More citizen deportations

In April, the Associated Press documented more than 55 cases in which U.S. citizens had been wrongfully deported.  Here are three more stories:

When Brian Lyttle got word on April 22 from the U.S. Embassy in Guatemala that his brother Mark had been deported to Mexico and bumped around Central America for three months, he was floored.

The family had been searching for 31-year-old Mark and feared he was lost or dead.

Mark Lyttle was born in Rowan County, N.C., and had never left the United States. He speaks no Spanish and has no Mexican ancestry.

But Mark Lyttle suffers from mental illness. He has bipolar disorder, which requires medication, and is also mentally disabled.

He had been living in a group home when he got into trouble for inappropriately touching an employee, said Neil Rambana, an immigration lawyer helping the family. Lyttle pled guilty to a misdemeanor and served 85 days in jail. Instead of being released, he was turned over to U.S. Immigration and Customs Enforcement because a jail form listed his place of birth as Mexico.

ICE did not investigate his citizenship. He spent two months at an Atlanta detention center just miles from his mother, who didn’t know where he was.

At one point Lyttle signed an ICE document saying he was a Mexican citizen, but two days later he signed another stating that he was born in the United States. He went before a judge in December 2008 as part of a group hearing and accepted “expedited removal,” an uncontested deportation.

Brian Lyttle, who serves in the U.S. Army along with his other brother, Tommy, is furious that his brother was deported.

“(We’re) an all-American family with two soldiers and a family member who happens to be handicapped,” he said. “It’s like spitting on my uniform that you would do that to my brother.”

A suspicious accent

Houston chef Leonard Robert Parrish, 52, wasn’t locked up by ICE or deported, but he did run afoul of a law intended for illegal immigrants.

The Brooklyn-born Parrish went down to the Harris County sheriff’s office in September to clear up a problem over a couple of bounced checks. He wound up in jail on immigration charges. He was strip-searched and spent 12 hours in custody.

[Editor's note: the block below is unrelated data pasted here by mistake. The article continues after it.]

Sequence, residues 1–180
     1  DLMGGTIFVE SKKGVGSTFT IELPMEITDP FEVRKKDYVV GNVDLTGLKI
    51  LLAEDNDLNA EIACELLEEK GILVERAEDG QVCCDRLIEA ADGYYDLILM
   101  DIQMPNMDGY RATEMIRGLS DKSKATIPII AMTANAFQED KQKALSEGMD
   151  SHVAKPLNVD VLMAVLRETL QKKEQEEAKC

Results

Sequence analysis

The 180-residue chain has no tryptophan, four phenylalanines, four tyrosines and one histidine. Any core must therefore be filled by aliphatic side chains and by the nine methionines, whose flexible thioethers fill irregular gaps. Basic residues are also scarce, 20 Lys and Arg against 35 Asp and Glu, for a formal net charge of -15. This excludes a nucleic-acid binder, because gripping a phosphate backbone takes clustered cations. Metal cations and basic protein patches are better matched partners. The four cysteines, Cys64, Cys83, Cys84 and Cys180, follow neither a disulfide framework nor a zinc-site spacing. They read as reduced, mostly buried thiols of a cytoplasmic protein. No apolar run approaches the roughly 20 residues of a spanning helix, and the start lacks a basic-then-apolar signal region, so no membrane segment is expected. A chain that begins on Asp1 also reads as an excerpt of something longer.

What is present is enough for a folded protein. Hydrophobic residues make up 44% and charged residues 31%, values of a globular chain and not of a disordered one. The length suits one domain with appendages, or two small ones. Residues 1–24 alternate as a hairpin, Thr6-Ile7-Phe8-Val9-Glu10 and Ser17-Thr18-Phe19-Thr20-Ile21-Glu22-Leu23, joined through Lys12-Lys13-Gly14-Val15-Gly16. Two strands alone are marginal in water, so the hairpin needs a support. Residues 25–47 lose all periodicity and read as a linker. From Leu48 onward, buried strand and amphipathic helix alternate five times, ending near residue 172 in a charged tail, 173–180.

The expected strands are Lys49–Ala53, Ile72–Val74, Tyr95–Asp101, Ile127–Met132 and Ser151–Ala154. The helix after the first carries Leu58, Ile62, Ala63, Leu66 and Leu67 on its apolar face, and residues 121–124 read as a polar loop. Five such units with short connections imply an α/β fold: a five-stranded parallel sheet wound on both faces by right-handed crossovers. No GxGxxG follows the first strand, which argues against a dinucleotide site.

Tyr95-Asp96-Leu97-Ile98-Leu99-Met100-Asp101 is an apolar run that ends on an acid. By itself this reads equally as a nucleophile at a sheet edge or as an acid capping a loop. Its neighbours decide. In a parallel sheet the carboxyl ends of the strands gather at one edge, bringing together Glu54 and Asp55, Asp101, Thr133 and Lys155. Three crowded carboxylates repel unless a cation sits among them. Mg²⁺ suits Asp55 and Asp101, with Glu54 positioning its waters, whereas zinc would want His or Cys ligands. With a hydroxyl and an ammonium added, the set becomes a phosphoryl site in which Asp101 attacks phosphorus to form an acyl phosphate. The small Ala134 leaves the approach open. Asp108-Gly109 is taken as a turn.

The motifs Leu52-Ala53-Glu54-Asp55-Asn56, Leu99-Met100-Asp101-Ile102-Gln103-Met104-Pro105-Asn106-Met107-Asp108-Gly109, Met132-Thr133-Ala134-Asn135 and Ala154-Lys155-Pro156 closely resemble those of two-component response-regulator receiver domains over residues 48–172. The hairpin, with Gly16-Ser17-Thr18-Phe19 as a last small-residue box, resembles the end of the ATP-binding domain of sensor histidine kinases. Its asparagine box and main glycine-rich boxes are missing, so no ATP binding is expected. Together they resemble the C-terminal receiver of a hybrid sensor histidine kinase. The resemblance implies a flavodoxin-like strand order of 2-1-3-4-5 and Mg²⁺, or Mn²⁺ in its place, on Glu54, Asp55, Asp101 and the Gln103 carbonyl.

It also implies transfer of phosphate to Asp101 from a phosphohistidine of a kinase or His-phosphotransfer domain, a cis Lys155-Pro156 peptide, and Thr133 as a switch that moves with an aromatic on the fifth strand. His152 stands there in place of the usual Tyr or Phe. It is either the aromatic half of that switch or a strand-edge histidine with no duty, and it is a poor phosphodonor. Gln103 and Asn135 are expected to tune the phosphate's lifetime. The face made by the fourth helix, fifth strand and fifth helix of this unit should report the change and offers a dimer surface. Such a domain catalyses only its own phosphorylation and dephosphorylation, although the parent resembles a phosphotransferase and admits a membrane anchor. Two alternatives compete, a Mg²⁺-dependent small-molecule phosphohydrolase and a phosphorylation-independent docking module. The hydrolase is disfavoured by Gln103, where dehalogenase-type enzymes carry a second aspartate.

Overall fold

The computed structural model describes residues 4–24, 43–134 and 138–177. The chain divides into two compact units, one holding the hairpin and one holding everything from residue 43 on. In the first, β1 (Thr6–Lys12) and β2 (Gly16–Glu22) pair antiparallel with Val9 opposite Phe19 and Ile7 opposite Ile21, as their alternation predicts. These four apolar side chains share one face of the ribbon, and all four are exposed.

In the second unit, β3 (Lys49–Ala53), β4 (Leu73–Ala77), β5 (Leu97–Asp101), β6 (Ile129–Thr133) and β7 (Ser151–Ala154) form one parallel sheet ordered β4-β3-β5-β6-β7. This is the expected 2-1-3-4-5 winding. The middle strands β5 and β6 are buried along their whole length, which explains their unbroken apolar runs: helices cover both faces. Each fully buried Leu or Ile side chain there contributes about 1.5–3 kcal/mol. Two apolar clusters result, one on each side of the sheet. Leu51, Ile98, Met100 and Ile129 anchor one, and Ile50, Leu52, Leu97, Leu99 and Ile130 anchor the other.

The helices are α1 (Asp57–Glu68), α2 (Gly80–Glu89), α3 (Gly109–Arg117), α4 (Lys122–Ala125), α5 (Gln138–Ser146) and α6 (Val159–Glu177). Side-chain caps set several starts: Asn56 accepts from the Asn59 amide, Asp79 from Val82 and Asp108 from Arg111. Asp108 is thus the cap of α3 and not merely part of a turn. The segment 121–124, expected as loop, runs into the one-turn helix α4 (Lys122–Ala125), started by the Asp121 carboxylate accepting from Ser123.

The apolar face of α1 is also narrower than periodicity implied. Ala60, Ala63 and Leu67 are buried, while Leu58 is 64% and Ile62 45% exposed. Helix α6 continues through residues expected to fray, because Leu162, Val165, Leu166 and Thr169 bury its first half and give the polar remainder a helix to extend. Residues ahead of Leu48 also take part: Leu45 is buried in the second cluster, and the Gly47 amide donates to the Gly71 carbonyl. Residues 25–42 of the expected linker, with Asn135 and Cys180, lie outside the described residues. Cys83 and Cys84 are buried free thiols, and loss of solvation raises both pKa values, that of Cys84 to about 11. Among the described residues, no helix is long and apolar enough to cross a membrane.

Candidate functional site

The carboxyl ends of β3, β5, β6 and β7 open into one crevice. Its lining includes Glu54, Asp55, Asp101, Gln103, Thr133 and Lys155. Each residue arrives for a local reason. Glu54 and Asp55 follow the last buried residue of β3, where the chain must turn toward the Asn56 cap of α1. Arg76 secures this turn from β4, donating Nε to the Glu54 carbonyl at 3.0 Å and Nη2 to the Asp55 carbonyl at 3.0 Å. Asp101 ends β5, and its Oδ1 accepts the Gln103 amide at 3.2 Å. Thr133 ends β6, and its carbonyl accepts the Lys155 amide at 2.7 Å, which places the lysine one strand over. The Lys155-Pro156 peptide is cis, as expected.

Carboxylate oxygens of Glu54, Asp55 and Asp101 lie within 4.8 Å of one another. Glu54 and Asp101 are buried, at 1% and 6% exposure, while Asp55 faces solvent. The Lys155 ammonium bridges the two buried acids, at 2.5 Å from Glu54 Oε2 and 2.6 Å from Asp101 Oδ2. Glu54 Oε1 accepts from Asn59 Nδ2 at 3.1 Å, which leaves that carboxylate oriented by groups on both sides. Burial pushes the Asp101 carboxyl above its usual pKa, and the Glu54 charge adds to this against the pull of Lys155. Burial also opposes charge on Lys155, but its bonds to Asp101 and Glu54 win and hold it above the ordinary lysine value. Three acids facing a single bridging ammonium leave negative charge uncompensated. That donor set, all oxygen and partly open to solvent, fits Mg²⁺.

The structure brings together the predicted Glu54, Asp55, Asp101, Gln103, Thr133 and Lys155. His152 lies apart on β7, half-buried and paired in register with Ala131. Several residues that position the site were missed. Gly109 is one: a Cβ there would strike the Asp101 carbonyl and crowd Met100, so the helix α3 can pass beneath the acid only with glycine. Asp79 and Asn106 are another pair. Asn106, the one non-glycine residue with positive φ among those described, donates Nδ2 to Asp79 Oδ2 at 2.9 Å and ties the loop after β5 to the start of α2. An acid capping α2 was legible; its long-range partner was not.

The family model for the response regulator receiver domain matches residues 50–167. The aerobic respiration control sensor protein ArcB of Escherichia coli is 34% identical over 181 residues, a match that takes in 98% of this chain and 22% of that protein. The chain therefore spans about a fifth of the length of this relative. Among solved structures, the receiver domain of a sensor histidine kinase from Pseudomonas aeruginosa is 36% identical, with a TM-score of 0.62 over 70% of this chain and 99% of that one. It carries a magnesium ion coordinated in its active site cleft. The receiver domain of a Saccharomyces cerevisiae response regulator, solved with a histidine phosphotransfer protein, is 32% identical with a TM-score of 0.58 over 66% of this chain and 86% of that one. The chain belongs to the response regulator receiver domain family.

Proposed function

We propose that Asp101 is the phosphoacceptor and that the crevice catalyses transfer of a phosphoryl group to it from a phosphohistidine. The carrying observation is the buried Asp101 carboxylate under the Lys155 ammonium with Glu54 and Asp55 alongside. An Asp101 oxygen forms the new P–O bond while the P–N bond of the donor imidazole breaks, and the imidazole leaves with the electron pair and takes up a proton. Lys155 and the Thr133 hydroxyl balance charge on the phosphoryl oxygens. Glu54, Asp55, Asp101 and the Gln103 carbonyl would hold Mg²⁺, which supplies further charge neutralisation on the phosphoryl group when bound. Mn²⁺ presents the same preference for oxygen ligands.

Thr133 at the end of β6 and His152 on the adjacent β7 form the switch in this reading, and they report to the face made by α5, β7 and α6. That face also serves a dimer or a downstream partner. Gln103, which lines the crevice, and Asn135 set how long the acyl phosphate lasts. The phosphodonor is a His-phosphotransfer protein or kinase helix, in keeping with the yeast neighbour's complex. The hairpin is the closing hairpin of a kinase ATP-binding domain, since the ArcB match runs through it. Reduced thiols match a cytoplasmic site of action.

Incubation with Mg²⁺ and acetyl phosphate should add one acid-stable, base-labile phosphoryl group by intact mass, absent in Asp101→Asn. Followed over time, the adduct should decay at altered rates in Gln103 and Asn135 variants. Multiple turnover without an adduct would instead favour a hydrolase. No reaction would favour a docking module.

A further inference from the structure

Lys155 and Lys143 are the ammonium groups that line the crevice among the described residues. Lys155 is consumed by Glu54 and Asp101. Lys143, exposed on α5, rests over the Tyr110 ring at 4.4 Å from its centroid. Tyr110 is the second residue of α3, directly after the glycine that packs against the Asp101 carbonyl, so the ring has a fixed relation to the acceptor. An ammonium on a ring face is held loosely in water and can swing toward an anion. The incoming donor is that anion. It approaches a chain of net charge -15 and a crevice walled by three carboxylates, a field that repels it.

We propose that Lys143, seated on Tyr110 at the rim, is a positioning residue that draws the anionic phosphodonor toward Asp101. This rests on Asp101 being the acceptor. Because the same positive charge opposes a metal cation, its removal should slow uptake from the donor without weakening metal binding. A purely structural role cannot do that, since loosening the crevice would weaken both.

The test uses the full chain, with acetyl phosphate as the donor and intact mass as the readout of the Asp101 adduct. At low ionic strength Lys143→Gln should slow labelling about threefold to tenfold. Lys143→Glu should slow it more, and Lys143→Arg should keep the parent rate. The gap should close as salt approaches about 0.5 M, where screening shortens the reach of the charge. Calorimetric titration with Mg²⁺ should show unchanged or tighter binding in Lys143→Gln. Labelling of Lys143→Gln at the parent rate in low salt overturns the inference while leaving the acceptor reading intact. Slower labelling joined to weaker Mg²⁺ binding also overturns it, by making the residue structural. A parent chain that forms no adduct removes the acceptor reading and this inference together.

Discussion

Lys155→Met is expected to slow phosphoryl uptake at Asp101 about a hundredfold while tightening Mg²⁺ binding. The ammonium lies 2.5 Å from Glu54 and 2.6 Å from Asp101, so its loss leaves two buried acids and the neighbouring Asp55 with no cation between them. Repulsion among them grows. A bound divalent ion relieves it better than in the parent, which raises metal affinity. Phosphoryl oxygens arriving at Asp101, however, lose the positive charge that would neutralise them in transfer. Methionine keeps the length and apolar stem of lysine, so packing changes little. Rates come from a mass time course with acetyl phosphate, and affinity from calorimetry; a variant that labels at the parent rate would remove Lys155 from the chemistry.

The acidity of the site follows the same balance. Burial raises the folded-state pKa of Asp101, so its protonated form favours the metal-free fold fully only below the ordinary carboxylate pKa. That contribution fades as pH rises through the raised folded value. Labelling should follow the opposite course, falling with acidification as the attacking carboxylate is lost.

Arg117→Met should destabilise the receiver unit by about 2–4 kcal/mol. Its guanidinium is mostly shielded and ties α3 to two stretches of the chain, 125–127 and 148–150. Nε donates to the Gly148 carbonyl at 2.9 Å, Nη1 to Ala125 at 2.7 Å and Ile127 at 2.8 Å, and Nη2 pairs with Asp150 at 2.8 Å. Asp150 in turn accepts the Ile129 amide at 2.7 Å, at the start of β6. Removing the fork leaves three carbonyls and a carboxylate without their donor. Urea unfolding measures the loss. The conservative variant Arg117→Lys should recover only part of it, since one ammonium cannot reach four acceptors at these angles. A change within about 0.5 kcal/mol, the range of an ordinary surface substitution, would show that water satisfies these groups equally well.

“The deputy told me I had a foreign accent,” Parrish recalled. “I told him I had an East Coast accent. He said, ‘It sounds like a foreign accent to me.’ ”

A 2008 Texas law required a person’s citizenship status be linked to his driver’s license. A sheriff’s deputy told Parrish he was detained because when they ran his driver’s license information through their computer, it said that his citizenship status was “unknown.”

“I served on a murder jury in Texas and they can’t find out I’m a citizen?” asked Parrish. “I’m still fighting. … Nobody wants to take responsibility for locking me up for no reason.”

Sent to Honduras

According to her birth certificate, Diane Williams was born in Metairie, La., on Aug. 23, 1974.

So Williams was shocked on Jan. 18 when, hours after she was released from a Houston jail on prostitution charges, immigration agents showed up at her apartment and arrested her, saying she was a deportable alien.

“I had a copy of my birth certificate, but they said they didn’t know if it was real or not,” she said.

Williams, who has bipolar disorder, was denied medication during her three weeks in ICE detention, according to her Houston lawyer, Lawrence Rushton.

She at first refused to sign a deportation order waiving her right to court review, but did so after agents threatened that she would be jailed for years and deported anyway, Williams said.

On Feb. 9, she was deported to Honduras, where she spent almost two months, Rushton said.

Eventually, the U.S. Embassy in Tegucigalpa issued Williams a temporary passport, after her mother sent documents proving her identity. On March 31, she flew back to New Orleans.

“I’ve had citizens who end up being detained,” Rushton said, “but this is the first case where I’ve seen someone deported who’s clearly and obviously a U.S. citizen.”

One thought on “More citizen deportations

  1. Have you stopped to consider whether there is a real difference between discriminating on racial ground and on grounds of citizenship? Are the two not the same but by another name?

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